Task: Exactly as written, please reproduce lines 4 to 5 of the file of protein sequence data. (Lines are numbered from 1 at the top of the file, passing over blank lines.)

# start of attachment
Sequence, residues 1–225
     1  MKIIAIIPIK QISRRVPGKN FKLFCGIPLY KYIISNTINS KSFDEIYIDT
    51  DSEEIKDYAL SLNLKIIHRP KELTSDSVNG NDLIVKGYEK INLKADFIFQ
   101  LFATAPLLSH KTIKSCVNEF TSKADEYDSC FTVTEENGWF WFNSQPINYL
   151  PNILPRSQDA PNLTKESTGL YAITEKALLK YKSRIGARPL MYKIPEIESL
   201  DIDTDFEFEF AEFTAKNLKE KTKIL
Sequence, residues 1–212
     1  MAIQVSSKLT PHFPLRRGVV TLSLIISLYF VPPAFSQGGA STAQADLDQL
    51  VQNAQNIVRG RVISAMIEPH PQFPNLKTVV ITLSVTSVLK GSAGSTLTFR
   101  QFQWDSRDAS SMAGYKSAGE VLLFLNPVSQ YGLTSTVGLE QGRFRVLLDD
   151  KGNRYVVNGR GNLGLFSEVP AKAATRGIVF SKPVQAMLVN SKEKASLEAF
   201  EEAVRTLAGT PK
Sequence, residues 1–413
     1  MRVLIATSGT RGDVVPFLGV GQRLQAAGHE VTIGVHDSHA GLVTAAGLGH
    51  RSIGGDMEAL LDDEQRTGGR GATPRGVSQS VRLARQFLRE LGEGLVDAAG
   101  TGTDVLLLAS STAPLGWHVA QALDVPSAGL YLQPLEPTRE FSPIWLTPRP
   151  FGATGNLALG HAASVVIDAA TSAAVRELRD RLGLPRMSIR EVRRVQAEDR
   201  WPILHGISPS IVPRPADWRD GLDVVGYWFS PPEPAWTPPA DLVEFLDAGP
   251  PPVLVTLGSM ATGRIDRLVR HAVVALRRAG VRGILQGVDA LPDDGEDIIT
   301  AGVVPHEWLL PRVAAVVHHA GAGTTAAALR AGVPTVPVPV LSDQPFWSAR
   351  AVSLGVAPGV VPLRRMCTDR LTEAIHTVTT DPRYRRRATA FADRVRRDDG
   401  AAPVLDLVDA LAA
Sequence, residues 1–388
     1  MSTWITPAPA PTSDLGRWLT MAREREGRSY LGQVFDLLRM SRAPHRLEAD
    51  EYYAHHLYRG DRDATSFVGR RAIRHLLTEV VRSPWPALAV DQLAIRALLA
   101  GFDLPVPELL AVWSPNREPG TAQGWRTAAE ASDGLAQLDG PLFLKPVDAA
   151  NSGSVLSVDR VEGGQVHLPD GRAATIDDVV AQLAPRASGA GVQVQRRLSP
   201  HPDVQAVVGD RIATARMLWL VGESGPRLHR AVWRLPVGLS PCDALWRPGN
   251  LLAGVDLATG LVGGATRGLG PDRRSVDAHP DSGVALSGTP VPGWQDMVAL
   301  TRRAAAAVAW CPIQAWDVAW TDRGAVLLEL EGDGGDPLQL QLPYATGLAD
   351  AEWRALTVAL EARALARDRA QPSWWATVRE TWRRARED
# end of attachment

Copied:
   101  LFATAPLLSH KTIKSCVNEF TSKADEYDSC FTVTEENGWF WFNSQPINYL
   151  PNILPRSQDA PNLTKESTGL YAITEKALLK YKSRIGARPL MYKIPEIESL